Greg Oden is 22 (allegedly), and thus might be the youngest player in league history to be, by general consensus, a draft bust. His numbers tell you he’s an impact player, maybe even an All-Star. His career PER (19.5) is matched by only 23 active players, his Win Share rate (.180/48) by only 11. But you can only help when you’re on the court. He’ll have missed 328 out of a possible 410 regular season games by year’s end, meaning he’s still 13000 minutes away from qualifying for either statistic. I don’t want to ruminate on whether or not he deserves the bust tag–as Snoop Pearson would have you know, deserve got nothin’ to do with it. Instead, I’d like to ask: what were we really expecting? Has Oden been a disappointment? Or are we just tearing down what we never should have built up in the first place?
There are 3 players currently in the NBA who match Oden’s listed height (7’0″) and weight (285 lbs.): Shaquille O’Neal, Andrew Bynum, and Yao Ming. Illustrious company, but a list that also reads like the attendance sheet for a Plastar Fasictis Anonymous meeting. In total, that group (excluding Oden) have appeared in 1929 out of a possible 2510 regular season games. That’s about 77%–on average, a 63-game season. That figure, however, is slightly inflated by the Man of Steel’s durability–he’s stayed the healthiest, in a career twice as long as Yao’s or Bynum’s. And if you include Oden in the analysis, active NBA players of his dimensions have appeared in 73% of possible games – a shade under 60 games a year. All of them have had at least one season where they sat out most of the year; 2 of the 4 have missed at least one entire season.
In the pursuit of athletic excellence, we convince ourselves that athletes’ bodies are fit to do things that fly in the face of medical science. Dozens of MLB pitchers are now using elbows reconstructed through Tommy John surgery (inserting a tendon from elsewhere in the body into the elbow) after the repeated, unnatural act of throwing a baseball the way they’ve been properly instructed since Little League shredded their ulnar collateral ligament. And the NFL is finally starting to pay attention to the mounting evidence about the extreme likelihood and long-term effect of concussions from playing football at all levels, with drastic rule changes perhaps its only recourse to address the problem. We’re disappointed to hear about a hard-throwing pitcher blowing out his arm, or an ex-linebacker showing early signs of neurological deterioration. But the only people still surprised by these stories are the ones who haven’t been paying attention. Shouldn’t the sidelining of a 7-ft, 300-lb center be added to that category of things we probably should’ve known better about?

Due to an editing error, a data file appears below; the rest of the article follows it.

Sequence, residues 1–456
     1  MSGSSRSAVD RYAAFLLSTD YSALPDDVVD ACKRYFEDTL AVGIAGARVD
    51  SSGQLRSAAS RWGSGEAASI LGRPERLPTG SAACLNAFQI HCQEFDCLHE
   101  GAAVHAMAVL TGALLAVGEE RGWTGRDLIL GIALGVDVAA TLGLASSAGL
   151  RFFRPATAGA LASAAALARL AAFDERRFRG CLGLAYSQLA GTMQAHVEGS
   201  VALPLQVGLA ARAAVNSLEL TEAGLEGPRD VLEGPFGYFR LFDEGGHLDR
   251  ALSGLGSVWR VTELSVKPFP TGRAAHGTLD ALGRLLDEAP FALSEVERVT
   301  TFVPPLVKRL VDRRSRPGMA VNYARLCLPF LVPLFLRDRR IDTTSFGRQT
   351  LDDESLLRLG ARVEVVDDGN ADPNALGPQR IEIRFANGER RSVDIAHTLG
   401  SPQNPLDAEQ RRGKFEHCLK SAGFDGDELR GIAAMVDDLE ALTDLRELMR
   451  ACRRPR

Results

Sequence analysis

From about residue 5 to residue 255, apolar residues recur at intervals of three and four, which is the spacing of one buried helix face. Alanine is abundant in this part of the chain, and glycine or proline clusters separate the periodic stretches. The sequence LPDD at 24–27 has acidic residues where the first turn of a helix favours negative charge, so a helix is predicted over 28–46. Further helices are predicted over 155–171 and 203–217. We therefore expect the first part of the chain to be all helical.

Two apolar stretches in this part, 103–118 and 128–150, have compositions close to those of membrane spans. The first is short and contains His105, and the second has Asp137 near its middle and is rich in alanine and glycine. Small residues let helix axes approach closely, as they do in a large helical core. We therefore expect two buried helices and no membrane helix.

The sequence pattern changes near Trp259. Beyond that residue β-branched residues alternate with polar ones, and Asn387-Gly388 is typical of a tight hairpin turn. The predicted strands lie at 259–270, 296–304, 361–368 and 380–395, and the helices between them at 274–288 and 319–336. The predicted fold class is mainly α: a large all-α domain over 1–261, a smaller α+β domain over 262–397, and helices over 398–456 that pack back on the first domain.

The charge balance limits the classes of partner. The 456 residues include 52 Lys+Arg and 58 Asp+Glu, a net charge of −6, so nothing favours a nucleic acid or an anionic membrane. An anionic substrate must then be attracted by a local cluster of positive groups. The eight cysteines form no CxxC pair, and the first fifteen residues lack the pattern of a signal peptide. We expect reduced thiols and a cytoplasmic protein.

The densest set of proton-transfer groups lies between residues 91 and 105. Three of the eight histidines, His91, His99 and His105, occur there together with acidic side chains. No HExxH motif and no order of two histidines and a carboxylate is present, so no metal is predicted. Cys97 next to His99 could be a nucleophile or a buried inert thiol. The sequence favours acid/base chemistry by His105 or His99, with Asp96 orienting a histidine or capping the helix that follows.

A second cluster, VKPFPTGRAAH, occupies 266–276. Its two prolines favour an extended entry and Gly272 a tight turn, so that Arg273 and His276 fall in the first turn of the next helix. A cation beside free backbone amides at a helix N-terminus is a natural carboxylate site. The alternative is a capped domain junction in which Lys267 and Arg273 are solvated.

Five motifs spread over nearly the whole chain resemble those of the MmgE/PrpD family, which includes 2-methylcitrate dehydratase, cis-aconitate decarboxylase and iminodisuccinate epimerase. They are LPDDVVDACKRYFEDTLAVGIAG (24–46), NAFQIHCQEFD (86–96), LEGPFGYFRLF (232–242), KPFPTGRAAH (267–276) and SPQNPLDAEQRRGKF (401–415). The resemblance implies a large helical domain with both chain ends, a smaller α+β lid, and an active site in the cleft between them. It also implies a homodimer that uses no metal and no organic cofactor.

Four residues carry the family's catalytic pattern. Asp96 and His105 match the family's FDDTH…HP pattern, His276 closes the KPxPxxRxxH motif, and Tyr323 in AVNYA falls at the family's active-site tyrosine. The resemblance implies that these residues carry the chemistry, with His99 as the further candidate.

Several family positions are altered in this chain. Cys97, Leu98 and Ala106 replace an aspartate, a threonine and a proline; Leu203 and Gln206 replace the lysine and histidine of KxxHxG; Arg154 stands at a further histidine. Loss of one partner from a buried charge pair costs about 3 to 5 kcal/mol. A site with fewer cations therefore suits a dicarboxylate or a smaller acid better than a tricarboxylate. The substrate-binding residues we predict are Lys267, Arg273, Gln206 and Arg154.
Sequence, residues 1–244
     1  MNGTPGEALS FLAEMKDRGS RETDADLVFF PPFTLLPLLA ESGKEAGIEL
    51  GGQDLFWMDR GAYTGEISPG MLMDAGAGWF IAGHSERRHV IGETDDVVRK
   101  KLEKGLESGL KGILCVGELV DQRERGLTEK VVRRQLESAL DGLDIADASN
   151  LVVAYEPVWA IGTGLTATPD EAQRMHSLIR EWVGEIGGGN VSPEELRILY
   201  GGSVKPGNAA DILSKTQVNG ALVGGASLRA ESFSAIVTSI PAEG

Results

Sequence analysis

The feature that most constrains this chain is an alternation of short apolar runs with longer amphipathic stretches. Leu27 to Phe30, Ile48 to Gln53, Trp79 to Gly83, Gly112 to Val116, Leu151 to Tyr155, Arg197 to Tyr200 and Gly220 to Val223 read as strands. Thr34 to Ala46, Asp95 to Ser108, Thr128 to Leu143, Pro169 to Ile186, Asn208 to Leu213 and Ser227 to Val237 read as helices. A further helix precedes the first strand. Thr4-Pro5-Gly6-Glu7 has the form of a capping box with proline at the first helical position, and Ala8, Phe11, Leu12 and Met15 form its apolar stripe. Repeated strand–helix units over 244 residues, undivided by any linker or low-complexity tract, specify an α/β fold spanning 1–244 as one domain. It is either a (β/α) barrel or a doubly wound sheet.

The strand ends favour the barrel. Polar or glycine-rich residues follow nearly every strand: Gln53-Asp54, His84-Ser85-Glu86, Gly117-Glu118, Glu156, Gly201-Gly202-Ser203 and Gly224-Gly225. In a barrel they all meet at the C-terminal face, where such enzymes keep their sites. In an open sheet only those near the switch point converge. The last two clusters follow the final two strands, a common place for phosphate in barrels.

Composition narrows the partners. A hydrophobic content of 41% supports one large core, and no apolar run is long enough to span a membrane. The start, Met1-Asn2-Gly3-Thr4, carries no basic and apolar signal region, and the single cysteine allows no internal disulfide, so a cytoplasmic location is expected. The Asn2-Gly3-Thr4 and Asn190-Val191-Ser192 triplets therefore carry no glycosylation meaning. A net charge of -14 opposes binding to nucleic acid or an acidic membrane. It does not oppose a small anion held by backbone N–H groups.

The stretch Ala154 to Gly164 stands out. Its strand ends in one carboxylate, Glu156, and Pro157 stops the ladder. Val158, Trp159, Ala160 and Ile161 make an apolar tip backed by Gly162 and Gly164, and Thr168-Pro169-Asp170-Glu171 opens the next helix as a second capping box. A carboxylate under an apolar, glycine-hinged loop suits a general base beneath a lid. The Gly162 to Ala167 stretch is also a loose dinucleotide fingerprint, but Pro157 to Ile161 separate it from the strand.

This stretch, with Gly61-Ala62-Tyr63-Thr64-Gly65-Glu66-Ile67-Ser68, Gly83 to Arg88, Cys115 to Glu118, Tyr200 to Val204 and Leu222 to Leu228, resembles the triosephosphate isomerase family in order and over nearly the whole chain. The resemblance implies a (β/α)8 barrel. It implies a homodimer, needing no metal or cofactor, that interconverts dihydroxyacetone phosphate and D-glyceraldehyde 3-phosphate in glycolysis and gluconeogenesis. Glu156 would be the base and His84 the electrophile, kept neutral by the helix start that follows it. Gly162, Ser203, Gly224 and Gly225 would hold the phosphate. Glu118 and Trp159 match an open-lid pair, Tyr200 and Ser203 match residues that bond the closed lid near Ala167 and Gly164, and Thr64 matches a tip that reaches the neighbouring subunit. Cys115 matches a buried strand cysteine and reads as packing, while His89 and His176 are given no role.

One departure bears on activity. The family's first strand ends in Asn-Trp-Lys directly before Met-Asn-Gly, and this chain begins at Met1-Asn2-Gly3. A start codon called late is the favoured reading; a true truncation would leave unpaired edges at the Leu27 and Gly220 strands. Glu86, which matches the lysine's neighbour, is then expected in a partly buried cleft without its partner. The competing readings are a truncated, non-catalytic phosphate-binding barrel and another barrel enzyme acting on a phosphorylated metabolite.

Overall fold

A lot of people are now asking whether Oden is injury prone or if he’s merely been the victim of isolated, freak accidents. Really? Of course he’s injury prone. He’s 7 feet tall. He’d be prone to injury if he never picked up a basketball. Think of the biggest person you know (who, in all likelihood, is not a 7-footer). How many assorted leg issues have they had?
We remember when this works out well–Shaq, Olajuwon, Abdul-Jabbar. They stayed pretty healthy, and each won multiple titles in the process. But drafting size early, you’re just as likely to end up with a Sam Bowie or Brad Daugherty–a talented guy who simply can’t stay on the court. It could be worse. Looking for a franchise center, teams will sometimes see the right frame and think the basketball part can be filled in later–Aleksandar Radojevic, DeSagana Diop, and Robert Swift all went early in recent drafts. The point is, hitting on an O’Neal or Olajuwon is like winning the lottery.
The Blazers aren’t dumb. They knew the risk they were taking, but a dominant big man is a quicker ticket to a championship than a dominant small forward. So it didn’t work out for them. They aimed high, flew too close to the sun, and got burned. Oden’s only sin was flashing the type of talent that puts visions of Larry O’Brien trophies in executives’ heads. He’s got a lot more Brad Daugherty in him than Michael Olowokandi. Daugherty played 548 games, and played them well. Let’s hope Oden can get to that number. That would be a great success, and there is some precedent–Zydrunas Ilgauskas missed 185 games in his first 4 seasons. Oden has 466 games to match Daugherty. That’s a far more reasonable goal for him now than to be the next Olajuwon. What’s lost when we wonder about what could have been is that it was the most reasonable goal to begin with.
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